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How photos of the real 1972 Andes plane crash compare to 'Society of the Snow'

Dr. Roberto Canessa, who was among the 16 survivors who endured 72 days in the Andes, said the movie took him "back to the fuselage."
/ Source: TODAY

"Society of the Snow" is earning raves for its accurate depiction of the terrifying 1972 plane crash in the Andes mountains that involved a Uruguayan rugby team.

The new Netflix drama, directed by J.A. Bayona, tells the story of the disaster, which happened in October 1972 when Uruguayan Air Force Flight 571 crashed into the Andes mountains, immediately killing 12 passengers while injuring others.

Over the next 72 days, the survivors, whose numbers continued to dwindle during the harrowing ordeal, were forced to endure the area's freezing temperatures and avalanches, with little shelter or food.

They were eventually forced to eat the flesh of their dead teammates to stay alive until a rescue team reached them more than two months later.

“Society of the Snow,” which is based on the book of the same name by Pablo Vierci, is earning praise from the crash’s survivors for its painstakingly accurate recreation of the disaster.

Below, see how the movie compares to photos from the disaster and rescue efforts, and what the real-life people thought of the depiction.

'Society of the Snow' is based on a book by Pablo Vierci featuring the survivors' own accounts

For his book, Vierci relied on his own first-person interviews with the survivors. Vierci attended the same school as the rugby players and nearly joined them on their doomed flight, according to Variety.

Director Bayona told The Hollywood Reporter in September 2023 that he bought the rights to Vierci's book back in 2012.

He then set out to interview the crash's survivors himself, and encouraged his actors to speak to them as well.

"We had over 100 hours of recordings. And then we kept in contact with the survivors throughout the shoot. All the actors were in contact with the survivors and the families of the deceased," Bayona explained.

"So the shoot became like an exploration looking to answer these big questions. We were writing the story every day on set," he added.

Survivors of the Uruguayan plane crash in the Ande
Survivors of the Uruguayan plane crash in the Andes in the fuselage of the wrecked aircraft on shortly after rescuers reached them.Shutterstock
Society of the Snow
"Society of the Snow" recreated a famous photo.Netflix

The cast and crew traveled to the Andes mountains to shoot the movie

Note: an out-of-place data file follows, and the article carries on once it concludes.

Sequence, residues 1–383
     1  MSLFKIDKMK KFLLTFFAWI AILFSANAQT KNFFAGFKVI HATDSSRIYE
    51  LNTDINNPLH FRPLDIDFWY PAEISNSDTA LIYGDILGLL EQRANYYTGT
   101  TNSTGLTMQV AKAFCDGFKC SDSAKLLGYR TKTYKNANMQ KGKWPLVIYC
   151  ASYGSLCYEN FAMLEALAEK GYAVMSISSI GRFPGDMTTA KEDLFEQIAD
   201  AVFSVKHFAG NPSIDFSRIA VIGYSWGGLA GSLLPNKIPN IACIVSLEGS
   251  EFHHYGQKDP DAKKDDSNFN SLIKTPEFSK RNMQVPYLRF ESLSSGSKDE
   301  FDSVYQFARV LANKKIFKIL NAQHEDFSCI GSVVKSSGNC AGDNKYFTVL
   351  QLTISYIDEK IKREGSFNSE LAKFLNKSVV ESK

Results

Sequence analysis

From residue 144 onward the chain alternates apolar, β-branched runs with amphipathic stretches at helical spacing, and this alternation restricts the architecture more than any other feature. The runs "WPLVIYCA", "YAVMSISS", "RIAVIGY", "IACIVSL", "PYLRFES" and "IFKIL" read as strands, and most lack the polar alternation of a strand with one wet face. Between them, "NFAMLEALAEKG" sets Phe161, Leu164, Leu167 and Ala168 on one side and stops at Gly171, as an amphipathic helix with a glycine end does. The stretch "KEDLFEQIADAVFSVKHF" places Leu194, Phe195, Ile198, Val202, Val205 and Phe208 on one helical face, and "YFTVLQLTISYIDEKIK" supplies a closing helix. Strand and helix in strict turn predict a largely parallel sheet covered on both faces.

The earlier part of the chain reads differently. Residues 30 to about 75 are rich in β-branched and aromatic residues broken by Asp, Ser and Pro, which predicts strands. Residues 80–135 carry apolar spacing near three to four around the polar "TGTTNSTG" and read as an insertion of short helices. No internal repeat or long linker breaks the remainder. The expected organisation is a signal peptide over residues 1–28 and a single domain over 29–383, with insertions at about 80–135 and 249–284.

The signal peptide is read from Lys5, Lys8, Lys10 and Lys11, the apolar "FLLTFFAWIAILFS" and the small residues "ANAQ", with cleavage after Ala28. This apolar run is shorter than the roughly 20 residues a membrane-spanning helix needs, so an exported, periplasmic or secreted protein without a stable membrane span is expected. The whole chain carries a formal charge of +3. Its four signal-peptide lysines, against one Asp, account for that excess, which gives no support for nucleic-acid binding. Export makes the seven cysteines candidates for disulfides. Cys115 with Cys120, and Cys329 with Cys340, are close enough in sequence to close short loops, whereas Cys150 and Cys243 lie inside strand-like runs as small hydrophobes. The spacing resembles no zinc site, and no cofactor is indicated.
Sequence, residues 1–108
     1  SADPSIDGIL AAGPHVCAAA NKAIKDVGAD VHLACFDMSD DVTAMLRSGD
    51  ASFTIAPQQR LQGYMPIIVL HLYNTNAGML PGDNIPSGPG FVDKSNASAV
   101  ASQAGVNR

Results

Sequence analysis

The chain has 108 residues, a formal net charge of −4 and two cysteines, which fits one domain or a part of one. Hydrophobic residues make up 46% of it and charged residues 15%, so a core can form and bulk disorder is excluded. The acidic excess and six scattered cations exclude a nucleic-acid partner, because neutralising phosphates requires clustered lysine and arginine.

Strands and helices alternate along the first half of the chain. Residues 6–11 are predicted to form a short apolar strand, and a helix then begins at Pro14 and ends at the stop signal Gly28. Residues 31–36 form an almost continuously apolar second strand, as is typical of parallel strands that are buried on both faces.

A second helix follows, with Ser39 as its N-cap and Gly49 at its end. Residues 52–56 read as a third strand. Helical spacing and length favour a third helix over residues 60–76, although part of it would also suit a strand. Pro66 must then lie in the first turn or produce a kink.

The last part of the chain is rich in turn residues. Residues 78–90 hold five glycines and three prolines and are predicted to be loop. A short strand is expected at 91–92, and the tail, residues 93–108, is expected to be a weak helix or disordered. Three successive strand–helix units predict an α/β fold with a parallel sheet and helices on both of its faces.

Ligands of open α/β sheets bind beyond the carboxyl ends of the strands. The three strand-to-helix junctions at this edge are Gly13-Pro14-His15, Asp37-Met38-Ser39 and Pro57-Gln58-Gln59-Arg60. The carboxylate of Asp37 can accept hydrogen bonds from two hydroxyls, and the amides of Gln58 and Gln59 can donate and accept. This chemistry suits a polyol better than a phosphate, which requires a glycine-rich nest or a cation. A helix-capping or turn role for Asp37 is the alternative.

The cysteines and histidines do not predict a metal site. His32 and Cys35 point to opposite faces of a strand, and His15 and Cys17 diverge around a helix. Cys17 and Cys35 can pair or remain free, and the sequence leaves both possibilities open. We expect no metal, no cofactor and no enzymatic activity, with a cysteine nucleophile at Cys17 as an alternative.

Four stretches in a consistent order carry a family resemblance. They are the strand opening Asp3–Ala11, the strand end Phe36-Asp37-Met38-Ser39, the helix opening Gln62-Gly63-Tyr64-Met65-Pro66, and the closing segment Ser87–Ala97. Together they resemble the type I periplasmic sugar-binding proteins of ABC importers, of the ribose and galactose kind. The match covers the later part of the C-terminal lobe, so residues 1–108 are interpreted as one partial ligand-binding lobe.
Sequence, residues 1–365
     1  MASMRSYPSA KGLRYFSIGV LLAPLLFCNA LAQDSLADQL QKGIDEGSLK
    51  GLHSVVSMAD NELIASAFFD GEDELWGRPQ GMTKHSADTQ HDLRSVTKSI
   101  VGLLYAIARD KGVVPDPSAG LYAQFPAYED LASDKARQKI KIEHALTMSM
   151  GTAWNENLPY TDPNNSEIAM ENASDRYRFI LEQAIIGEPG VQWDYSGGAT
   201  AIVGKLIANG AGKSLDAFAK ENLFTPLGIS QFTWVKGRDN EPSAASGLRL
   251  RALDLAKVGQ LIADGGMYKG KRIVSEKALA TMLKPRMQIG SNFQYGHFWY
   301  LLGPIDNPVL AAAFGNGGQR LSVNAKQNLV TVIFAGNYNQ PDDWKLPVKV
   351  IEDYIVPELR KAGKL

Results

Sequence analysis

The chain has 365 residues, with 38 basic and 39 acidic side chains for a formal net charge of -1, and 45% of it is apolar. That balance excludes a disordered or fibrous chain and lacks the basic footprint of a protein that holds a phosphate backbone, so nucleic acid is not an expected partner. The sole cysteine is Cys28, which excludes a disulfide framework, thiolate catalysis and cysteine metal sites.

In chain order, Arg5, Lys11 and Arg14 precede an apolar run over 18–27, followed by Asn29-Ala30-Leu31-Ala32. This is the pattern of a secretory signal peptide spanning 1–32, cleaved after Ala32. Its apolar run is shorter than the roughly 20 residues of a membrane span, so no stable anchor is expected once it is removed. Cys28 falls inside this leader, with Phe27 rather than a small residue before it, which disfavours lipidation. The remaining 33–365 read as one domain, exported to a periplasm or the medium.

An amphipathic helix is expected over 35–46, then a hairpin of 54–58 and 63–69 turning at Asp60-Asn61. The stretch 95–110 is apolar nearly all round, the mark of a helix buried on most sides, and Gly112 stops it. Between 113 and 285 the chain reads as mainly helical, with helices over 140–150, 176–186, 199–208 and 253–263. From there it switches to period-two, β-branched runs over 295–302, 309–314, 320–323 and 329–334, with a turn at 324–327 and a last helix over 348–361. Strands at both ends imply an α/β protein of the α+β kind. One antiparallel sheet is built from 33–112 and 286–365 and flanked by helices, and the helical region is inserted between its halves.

Bayona told THR that his cast and crew traveled several times to the Andes to shoot the movie.

“My first journey was really because I wanted to know exactly what it was like to be there and what they went through. It was more about understanding the context. You cannot tell this story without telling the context,” the director explained.

The second time I went I was already with my cameras and some actors. We only shot few scenes, because it’s a very dangerous place,” he continued. “And we were there in the spring, when they were actually there. Everything had to be very much under control because there was the risk of avalanches all the time.”

Andes Plane Crash
A photograph of the crashed Fairchild F-227 plane is on display at a museum in Chile. Elvis Gonzalez / EPA-EFE / Shutterstock
A photograph of the crashed Fairchild F-227 plane and the survivors, currently on display at a museum in Chile.
A photograph of the crashed Fairchild F-227 plane and the survivors, currently on display at a museum in Chile.Elvis Gonzalez / EPA-EFE / Shutterstock
Society of the Snow
"Society of the Snow" recreated a famous photo of the Netflix
Society of the Snow
Imagining the moment of rescue.Netflix

The survivors responded to seeing the movie

Bayona told THR that he screened “Society of the Snow” for the crash’s survivors months before the movie’s Dec. 22 premiere on Netflix.

Plane Crash Survivors After Rescue
Chilean Army officers escort Uruguayan rugby player Fernando Parrado (center, left photo). On the right, Carlos Paez reunites with his father..Bettmann Archive
Nando Parrado and Roberto Canessa
Nando Parrado (left) and Roberto Canessa (center) at a press conference.Evening Standard / Getty Images

“As you can imagine, I was very nervous. But I think it was the first time that we got a unanimous answer from all of them. Because they’re all so different — a very solid group but each has their own personality and are very strong characters,” he said.

“But they really liked how close it was to the reality of the story. They had the impression of being back in the mountains, because they recognized the geography,” he added.

One survivor, Dr. Roberto Canessa, talked about screening the movie with NBC News reporter Tom Llamas in November 2023.

Watching “Society of the Snow” was emotional, said Canessa, just 19 at the time of the crash, because unlike past retellings of the story, Netflix got all the details right.

“I was immersed in that place again,” Canessa said of viewing the film. “I was back to the fuselage.”